A 1998 study by historian Carolyn Hamilton summarizes much of the scholarship on Shaka towards the dawn of the 21st century in areas ranging from ideology, politics and culture, to the use of his name and image in a popular South African theme park, Shakaland. It argues that in many ways, the image of Shaka has been "invented" in the modern era according to whatever agenda persons hold. This "imagining of Shaka" it is held, should be balanced by a sober view of the historical record, and allow greater scope for the contributions of indigenous African discourse.
Military historians of the Zulu War describe Zulu fighting methods and tactics, including authors Ian Knight and Robert Edgerton. General histories of Southern Africa include Noel Mostert's "Frontiers" and a detailed account of the results from the Zulu expansion, J.D. Omer-Cooper's "The Zulu Aftermath", which advances the traditional Mfecane/Difaqane theory.
Main article: Mfecane
The increased military efficiency led to more and more clans being incorporated into Shaka's Zulu empire, while other tribes moved away to be out of range of Shaka's impis. The ripple effect caused by these mass migrations would become known (though only in the twentieth century) as the Mfecane/Difaqane (annihilation).
Shaka's army set out on a massive programme of expansion, killing or enslaving those who resisted in the territories he conquered. His impis (warrior regiments) were rigorously disciplined: failure in battle meant death.
At the time of his death, Shaka ruled over 250,000 people and could muster more than 50,000 warriors. His 10-year-long kingship resulted in a massive number of deaths, mostly due to the disruptions the Zulu caused in neighbouring tribes, although the exact death toll is a matter of scholarly dispute. Further unquantifiable deaths occurred during mass tribal migrations to escape his armies.
The Mfecane produced Mzilikazi of the Khumalo, a general of Shaka's. He fled Shaka's employ, and in turn conquered an empire in Zimbabwe, after clashing with European groups like the Boers. The settling of Mzilikazi's people, the AmaNdebele or Matabele, in the south of Zimbabwe with the concomitant driving of the Mashona into the north caused a tribal conflict that still resonates today. Other notable figures to arise from the Mfecane/Difaqane include Soshangane, who expanded from the Zulu area into what is now Mozambique, and Zwangendaba.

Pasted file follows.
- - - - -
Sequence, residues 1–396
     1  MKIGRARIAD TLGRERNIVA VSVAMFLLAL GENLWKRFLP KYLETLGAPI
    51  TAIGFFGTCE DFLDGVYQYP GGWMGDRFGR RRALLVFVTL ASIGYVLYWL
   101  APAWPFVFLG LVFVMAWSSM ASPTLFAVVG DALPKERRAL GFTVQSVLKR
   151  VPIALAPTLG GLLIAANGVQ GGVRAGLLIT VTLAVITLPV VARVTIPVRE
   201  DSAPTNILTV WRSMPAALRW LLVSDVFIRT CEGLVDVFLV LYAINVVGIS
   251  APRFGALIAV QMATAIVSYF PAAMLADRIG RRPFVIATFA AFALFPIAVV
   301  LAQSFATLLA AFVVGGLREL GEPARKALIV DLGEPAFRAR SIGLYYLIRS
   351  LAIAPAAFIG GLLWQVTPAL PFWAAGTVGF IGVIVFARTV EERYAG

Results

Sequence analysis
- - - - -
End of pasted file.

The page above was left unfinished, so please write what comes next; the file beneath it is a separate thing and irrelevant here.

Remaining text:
The theory of the Mfecane holds that the aggressive expansion of Shaka's armies caused a brutal chain reaction across the southern areas of the continent, as dispossessed tribe after tribe turned on their neighbours in a deadly cycle of fight and conquest. Some scholars contend that this theory must be treated with caution as it generally neglects several other factors such as the impact of European encroachment, slave trading and expansion in that area of Southern Africa around the same time. Normal estimates for the death toll range from 1 million to 2 million. These numbers are, however, controversial.
According to Julian Cobbing, the development of the view that Shaka was the monster responsible for the devastation is based on the need of apartheid era historians to justify the apartheid regime's racist policies. Other scholars acknowledge distortion of the historical record by apartheid supporters and shady European traders seeking to cover their tracks, but dispute the revisionist approach, noting that stories of cannibalism, raiding, burning of villages, or mass slaughter were not developed out of thin air but based on the clearly documented accounts of hundreds of black victims and refugees. Confirmation of such accounts can also be seen in modern archaeology of the village of Lepalong, an entire settlement built underground to shelter remnants of the Kwena people from 1827 to 1836 against the tide of disruption that engulfed the region during Shakan times.
William Rubinstein wrote that "Western guilt over colonialism, have also accounted for much of this distortion of what pre-literate societies actually were like, as does the wish to avoid anything which smacks of racism, even when this means distorting the actual and often appalling facts of life in many pre-literate societies". Rubinstein also notes: